Carolina Curious: Can School Police Question Your Child Without Consent?
After the deadly shooting at a Florida high school last month, lawmakers all over the country are looking at how to make schools safer, including in North Carolina. Part of that movement has focused on beefing up the presence of school resource officers, or SROs.
But the program has had its share of controversies.
For this Carolina Curious report, one WFDD listener wants to know more about how SROs work and the rights of students. They ask, “Can SROs question minors without their parents present?”
Our fact-finding mission begins at Walkertown High School in Forsyth County. Principal Misty Walker says she has a number one goal: preparing the students for life beyond high school. To do that, she says, she has to keep students safe. But she doesn’t do that alone.
While she has the authority to make certain her campus is safe, there can be situations that are reportable, or legal offenses. That’s when the SRO is notified.
"[If] a student brings a weapon on campus or they have drugs, I’m required legally to report that immediately to our SRO," Walker says. "There are school consequences that are assigned from a disciplinary standpoint, but there’s also a legal investigation that occurs at that time."
An SRO is basically a cop whose beat is the school. They’re in full uniform, gun and all, just like you’d see an officer on the street. But they don’t involve themselves in usual disciplinary matters unless a high-ranking school official calls them in; teachers can’t request them.
But once an officer gets involved, what happens when a minor is interviewed? Is a parent present?
Lieutenant Tom Peterson with the Winston Salem Police Department oversees the SRO program for Winston-Salem/Forsyth County Schools. He says that’s “a complicated question.”
According to Peterson, if a student is in custody or under custody arrest, and under 16, it’s required that a parent, guardian or custodian is there with them for any interview or interrogation.
The key word here is custody, and it’s kind of a gray area.
Let’s say a student is walking down the hall and an SRO stops and asks them a question; that does not require parental consent.
But this is all open to interpretation, and it often gets challenged.
"The clear definition of custody is being in handcuffs, being not free to leave," Peterson says. "Custody can be extended beyond that. If a student is taken into an SRO office, with principal staff there, we know they are the sole and the primary suspect, we know charges are likely to extend from that, we’re gonna go ahead and notify a parent or guardian to be present."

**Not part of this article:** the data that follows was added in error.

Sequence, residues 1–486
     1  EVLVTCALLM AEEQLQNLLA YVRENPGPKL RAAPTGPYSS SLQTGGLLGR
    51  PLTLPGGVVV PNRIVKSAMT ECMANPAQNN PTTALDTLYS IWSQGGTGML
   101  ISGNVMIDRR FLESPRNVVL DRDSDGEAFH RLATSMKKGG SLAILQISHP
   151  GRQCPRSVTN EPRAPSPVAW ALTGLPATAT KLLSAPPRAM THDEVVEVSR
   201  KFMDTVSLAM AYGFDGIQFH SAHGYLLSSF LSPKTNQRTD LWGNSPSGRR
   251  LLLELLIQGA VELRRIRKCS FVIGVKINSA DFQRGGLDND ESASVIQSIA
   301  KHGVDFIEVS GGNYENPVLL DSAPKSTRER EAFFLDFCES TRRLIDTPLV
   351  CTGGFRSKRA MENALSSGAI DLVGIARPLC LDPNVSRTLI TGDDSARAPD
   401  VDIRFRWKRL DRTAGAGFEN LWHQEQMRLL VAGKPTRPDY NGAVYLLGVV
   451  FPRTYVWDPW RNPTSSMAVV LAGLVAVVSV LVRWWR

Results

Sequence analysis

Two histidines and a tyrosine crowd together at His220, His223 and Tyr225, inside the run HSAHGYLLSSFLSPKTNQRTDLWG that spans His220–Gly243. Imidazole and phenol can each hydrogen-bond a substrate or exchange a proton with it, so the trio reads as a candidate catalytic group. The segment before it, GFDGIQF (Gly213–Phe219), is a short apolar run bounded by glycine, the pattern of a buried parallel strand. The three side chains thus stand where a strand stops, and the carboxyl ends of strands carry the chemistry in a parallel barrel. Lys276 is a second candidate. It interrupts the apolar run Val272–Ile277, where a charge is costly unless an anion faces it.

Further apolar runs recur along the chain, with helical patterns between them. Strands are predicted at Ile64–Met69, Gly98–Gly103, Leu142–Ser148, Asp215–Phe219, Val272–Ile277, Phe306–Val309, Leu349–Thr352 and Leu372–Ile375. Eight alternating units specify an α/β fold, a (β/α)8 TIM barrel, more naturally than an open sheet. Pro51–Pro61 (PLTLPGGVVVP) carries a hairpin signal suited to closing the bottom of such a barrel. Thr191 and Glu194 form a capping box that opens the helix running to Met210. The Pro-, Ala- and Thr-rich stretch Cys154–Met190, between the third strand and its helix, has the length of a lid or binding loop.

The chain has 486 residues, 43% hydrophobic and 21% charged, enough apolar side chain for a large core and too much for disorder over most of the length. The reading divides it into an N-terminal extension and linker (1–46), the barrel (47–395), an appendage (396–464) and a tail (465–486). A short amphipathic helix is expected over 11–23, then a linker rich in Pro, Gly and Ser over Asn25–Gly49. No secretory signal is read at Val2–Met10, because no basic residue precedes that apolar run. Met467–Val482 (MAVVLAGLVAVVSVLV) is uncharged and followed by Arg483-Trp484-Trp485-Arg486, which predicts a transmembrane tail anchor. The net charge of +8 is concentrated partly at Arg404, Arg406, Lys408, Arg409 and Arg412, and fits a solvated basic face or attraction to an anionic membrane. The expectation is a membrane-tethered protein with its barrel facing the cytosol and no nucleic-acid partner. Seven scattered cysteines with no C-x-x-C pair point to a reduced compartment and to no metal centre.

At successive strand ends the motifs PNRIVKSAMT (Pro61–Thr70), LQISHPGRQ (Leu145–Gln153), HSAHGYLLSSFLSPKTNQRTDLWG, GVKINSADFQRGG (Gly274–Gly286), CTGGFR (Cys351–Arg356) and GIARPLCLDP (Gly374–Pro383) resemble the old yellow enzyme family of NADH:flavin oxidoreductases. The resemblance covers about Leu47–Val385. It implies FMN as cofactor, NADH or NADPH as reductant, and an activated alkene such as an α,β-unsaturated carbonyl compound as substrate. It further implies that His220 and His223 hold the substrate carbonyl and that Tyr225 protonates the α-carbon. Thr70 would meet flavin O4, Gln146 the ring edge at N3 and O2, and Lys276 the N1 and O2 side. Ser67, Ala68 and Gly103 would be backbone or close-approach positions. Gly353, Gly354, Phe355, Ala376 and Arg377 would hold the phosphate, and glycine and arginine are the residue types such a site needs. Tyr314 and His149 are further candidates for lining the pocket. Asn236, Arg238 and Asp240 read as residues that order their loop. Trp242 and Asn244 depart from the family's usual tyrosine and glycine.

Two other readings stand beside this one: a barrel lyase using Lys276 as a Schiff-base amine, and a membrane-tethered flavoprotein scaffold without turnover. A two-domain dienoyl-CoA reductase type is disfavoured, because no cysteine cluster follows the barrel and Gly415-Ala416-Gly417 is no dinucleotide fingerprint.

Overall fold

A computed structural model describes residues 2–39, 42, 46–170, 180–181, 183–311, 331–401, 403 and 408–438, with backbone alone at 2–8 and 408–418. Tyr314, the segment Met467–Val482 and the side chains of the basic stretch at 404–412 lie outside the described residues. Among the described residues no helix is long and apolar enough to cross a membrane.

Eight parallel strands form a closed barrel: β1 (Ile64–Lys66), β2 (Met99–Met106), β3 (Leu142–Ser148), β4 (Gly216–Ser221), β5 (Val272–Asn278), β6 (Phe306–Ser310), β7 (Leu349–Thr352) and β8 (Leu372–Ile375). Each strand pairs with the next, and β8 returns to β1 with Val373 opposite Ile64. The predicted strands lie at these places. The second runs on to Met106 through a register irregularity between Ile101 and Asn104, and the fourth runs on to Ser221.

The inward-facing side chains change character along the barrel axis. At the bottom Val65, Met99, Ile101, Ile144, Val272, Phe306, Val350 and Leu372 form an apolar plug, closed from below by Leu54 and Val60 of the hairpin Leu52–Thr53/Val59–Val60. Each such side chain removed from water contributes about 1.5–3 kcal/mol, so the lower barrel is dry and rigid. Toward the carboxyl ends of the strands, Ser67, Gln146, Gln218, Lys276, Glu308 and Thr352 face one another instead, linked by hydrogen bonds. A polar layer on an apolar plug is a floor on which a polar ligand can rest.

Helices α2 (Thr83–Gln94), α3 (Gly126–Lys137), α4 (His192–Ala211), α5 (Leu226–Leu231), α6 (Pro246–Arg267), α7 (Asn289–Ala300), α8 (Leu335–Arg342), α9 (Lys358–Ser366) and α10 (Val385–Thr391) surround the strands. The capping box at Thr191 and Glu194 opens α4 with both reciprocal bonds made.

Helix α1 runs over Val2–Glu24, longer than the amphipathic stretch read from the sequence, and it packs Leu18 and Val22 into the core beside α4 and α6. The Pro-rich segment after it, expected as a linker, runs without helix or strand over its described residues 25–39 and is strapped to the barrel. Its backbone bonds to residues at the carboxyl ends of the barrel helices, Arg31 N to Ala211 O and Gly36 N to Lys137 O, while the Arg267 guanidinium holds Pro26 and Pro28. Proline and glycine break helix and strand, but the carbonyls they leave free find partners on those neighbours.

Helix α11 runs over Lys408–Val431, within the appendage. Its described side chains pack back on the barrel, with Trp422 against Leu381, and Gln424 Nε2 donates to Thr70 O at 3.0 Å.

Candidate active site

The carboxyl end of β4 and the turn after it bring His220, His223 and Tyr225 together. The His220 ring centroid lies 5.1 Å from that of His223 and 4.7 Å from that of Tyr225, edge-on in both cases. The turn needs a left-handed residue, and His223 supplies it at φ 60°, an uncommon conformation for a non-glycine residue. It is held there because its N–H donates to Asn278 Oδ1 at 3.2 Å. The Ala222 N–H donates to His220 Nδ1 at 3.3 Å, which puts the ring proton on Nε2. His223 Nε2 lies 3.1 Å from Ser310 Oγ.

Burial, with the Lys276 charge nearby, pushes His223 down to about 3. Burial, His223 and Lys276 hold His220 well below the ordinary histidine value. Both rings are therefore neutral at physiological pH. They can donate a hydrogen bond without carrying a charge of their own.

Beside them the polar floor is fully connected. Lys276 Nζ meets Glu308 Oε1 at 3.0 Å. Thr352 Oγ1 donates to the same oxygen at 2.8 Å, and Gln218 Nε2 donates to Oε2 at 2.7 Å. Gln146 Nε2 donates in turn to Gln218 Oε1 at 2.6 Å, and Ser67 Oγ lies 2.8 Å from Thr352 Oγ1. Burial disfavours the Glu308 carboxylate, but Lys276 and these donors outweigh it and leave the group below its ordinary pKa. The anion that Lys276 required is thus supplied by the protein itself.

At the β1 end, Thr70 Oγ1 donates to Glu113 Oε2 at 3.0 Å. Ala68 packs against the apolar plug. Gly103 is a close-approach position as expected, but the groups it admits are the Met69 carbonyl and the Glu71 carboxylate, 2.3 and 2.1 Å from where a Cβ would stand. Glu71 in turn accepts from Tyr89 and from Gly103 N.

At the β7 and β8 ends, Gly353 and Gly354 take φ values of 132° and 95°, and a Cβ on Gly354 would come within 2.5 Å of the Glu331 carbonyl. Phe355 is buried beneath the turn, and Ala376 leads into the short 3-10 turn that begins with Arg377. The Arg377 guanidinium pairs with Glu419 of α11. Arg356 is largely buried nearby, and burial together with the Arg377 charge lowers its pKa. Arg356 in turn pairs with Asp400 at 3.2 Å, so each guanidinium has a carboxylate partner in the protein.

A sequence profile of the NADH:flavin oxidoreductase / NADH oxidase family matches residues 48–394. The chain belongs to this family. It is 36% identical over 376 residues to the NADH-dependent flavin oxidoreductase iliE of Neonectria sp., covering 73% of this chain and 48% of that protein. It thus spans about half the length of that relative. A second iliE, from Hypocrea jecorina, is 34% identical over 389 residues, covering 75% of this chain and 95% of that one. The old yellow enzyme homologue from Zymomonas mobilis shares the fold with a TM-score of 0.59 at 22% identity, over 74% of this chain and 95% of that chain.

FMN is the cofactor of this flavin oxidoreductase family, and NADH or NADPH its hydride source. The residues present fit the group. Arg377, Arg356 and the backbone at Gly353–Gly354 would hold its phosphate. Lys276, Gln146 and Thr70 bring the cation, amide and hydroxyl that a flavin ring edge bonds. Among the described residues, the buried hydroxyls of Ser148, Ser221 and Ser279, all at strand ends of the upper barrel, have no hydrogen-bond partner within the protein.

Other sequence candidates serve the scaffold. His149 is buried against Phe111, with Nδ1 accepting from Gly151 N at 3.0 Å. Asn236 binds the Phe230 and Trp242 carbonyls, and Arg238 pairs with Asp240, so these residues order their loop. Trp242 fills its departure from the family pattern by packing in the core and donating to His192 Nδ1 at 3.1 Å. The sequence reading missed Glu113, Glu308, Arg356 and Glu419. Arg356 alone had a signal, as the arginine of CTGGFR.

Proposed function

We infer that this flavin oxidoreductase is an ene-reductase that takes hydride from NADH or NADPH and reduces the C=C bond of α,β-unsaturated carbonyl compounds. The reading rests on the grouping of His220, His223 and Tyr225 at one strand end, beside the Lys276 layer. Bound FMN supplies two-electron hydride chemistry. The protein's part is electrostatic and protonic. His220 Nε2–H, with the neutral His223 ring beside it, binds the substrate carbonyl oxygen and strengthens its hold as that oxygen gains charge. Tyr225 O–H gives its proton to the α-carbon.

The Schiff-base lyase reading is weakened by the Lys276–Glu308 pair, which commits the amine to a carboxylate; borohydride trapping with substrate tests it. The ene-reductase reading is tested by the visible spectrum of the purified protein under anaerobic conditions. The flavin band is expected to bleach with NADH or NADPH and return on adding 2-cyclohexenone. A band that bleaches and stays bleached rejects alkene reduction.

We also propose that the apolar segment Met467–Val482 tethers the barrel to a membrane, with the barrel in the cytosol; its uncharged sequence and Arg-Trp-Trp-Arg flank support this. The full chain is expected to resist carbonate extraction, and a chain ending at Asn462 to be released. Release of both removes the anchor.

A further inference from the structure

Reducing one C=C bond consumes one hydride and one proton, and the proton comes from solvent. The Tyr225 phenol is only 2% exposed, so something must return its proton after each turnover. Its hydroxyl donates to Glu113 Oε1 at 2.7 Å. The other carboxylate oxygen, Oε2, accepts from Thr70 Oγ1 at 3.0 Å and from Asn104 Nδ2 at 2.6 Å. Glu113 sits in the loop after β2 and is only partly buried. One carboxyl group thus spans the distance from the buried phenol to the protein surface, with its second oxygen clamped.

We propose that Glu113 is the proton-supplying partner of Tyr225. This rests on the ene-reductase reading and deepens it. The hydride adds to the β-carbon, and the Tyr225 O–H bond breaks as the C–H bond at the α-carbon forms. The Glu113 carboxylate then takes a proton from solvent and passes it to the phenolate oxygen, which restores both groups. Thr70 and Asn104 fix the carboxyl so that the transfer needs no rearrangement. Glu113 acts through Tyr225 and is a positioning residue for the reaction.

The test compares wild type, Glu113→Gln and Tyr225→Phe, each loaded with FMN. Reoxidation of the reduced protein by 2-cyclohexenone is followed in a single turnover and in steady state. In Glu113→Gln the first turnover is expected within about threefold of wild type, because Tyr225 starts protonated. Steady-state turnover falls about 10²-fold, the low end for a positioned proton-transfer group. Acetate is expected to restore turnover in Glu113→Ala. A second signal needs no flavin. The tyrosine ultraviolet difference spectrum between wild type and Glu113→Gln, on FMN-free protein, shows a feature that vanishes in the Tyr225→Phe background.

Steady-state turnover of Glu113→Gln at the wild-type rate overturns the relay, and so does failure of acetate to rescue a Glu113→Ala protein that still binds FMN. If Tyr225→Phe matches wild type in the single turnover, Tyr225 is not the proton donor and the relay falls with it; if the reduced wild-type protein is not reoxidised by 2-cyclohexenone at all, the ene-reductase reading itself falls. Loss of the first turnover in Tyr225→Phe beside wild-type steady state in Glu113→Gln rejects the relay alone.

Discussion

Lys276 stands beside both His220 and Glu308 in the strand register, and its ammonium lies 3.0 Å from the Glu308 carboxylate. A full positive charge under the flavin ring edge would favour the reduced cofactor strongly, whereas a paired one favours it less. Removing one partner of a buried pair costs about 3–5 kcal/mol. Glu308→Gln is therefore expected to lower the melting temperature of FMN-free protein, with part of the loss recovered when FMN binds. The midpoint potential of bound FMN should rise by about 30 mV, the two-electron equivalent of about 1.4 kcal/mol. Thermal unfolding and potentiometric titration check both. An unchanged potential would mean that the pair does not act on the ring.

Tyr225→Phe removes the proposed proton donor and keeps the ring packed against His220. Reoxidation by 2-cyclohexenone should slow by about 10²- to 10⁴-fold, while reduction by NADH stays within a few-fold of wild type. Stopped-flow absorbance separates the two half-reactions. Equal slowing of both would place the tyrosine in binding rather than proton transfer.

According to the advocacy group Education Justice Alliance, it doesn’t always happen that way. They say officers who break the policy aren’t being held accountable and are protected by their law enforcement superiors. They add that school policing unfairly targets minority communities.
And there’s data to back that up.
In Wake County schools, black students make up 24 percent of the total population. But, they're involved in nearly 70 percent of SRO interactions, according to the most recent numbers available. And these students are more likely to be referred to court.
EJA Organizing Director Fernando Martinez characterizes the relationship between students and officers as ‘problematic.’
"They build trust between the students and police officers, and sometimes, without the student knowing, they could be placed - or their friends and family could be placed - in a kinda gang database," he says. "Anything they share with the police officer could be used against them, and they believe that they are talking to a mentor. So we basically don't want police in the schools."
Martinez says police belong outside the school, not patrolling hallways.
But back at Walkertown High School, Principal Walker says if anything, SROs enhance the culture of her school.
"I think the perception is if you’re SRO, just like if you’re an administrator, if they have good relationships with kids, it breaks down barriers and helps make our campus safer," she says.
There’s one issue on which critics and advocates agree when it comes to the use of SROs - communication is key. They urge parents to get involved and to form relationships with school principals and teachers and to also make sure their children know their rights inside, and outside, of the school community.